The Big List


1994, William Beaty

I've built a couple small (under 2ft) coils, neither over 500Watt, and I've read quite a bit, so now I'm an expert, right? :)


If you want to make long arcs, a sphere or oblate terminal is required for the top of your coil. You'll only get corona displays if using a bolt or a metal rod as the main terminal. No long arcs.

This occurs because whenever a large hollow sphere or toroidial electrode is used, then during each pulse from the spark gap, the voltage field in the space around the top of the secondary coil can build up to extreme levels before the plasma finally ignites and creates a spark. The large sphere causes delayed sparking and higher energy before the arc appears. A sphere has no sharp points, so it can support a huge voltage BEFORE the spark eventually starts. When corona finally does break out on the sphere surface, the e-field in the space around the terminal has already grown to such a high value that a branching spark-streamer will be driven by the ambient field to quite long lengths. Without the sphere, the spark starts early while voltage is still low, and since sparks eat electrical energy, the voltage will never build up. In some ways a Tesla Coil is like a capacitor: "charge" it up with RF oscillations until voltage rises high, and THEN trigger a spark. That gives the longest sparks.

The toroid terminal should be at least as large as the coil diameter, and preferably should be 2-3 times as large. Be aware that the toroid terminal acts as a capacitor to ground, and significantly reduces the secondary coil frequency, so you'll have to re-tune the primary when adding or removing the toroid or when switching to a different toroid size. Another hint: place a small needle-discharger on the surface of your toroid. This will allow an underpowered coil to create fairly long arcs. Experiment with the size of this "trigger" device (sometimes a thumbtack is best, sometimes a small nut works well.)


For tesla coil spark length, voltage is less important than wattage. I've heard it quoted that long lightning-like TC arcs require about 500 to 1000 Watt per foot of discharge when the coil is designed and tuned properly. Be aware of this when designing the power supply section of a big coil. Those huge coils that spew 10ft lightning bolts are usually being driven by 10,000W power pole transformers ("pole pigs"), with the transformer's primary/secondary wired backwards to provide voltage stepup. And to improve your coil's performance, try to increase any of the characteristics which lead to higher wattage. Examples: use heavier wire (especially in the whole primary coil/capacitor/sparkgap circuit), adjust optimum power-coupling between primary and secondary, use heavy gauge wire on the secondary, build a short and wide secondary coil, and use higher supply-voltage during operation (try a DC system with a rotary gap, or try using many neon transformers in parallel.)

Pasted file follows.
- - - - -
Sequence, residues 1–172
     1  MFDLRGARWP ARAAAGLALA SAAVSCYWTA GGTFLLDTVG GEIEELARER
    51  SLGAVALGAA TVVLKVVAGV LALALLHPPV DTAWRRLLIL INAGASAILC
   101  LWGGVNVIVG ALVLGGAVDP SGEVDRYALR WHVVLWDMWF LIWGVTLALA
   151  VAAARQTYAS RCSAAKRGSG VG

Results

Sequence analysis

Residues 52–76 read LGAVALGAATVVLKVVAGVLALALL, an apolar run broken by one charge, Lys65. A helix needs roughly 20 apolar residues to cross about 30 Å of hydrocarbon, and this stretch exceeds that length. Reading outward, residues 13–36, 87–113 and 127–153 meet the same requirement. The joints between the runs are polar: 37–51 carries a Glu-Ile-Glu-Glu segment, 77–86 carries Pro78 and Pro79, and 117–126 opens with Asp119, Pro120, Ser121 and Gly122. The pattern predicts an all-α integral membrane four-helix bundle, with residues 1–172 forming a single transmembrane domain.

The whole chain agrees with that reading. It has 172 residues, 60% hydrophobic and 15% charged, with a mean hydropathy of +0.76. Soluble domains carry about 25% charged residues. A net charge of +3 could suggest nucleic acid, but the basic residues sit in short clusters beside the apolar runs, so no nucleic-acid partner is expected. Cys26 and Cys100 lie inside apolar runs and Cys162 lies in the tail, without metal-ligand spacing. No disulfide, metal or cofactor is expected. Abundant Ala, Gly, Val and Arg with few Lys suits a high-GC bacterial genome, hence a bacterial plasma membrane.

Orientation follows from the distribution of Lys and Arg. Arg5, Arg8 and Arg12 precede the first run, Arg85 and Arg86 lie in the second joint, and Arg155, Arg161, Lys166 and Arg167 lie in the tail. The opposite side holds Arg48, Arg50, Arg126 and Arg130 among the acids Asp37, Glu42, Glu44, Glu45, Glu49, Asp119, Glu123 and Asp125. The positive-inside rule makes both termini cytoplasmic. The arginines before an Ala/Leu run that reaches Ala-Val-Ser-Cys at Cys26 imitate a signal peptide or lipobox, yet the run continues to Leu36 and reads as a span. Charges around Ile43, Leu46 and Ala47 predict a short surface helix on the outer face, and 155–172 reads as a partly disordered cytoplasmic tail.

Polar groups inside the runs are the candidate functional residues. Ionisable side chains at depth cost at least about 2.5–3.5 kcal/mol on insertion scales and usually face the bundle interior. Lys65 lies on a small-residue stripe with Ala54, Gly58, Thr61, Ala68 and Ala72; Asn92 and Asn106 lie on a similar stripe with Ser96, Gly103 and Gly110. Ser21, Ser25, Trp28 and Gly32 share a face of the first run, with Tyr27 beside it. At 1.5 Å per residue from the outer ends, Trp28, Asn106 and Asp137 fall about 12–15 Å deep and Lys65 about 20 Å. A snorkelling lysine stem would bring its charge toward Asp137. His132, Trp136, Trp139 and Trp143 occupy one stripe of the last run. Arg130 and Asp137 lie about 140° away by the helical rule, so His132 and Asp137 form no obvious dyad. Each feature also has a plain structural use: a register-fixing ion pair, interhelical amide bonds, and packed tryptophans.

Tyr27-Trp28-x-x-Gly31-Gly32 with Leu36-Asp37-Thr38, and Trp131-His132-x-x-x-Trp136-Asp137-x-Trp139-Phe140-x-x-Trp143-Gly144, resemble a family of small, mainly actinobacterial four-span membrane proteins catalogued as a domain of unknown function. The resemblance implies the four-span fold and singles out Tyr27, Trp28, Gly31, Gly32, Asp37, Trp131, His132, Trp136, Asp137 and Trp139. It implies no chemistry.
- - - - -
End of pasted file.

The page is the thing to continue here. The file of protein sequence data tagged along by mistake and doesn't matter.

The power supply transformer's current and the main resonator capacitor's capacitance must be chosen for best match. If the capacitor is too large, and the transformer too small, the capacitor will not fully charge on each half-cycle of the 60hz supply, and the total system wattage will be reduced. If the capacitor is too small, it will only draw a small current from the power supply, and the actual wattage of the system will be lower than the capability of the supply transformer. Refer to a good TC design program for choices of capacitance versus transformer current.


One problem you may run into: dead HV transformers, where the secondary shorts out internally. The RF from your coil's primary L/C section goes backwards through the circuit, adds to the HV transformer's secondary voltage and increases the peak voltage there. Also, the high frequency will tend to concentrate its voltage on fewer turns inside the HV transformer, rather than spreading it over the entire internal coil as the 60Hz energy does. This tends to exceed the transformer V-out rating and can create internal arcs which will wreck a neon-sign transfomer.

You can put a 'safety gap' sparkgap across the transformer output. Disconnect the coil circuit and adjust this gap's spacing so it is a bit larger than that needed to start an arc. The safety gap will then protect the transformer against large voltage pulses by arcing and safely shorting them out. But if RF and pulses are a problem in your design, this gap will continually fire.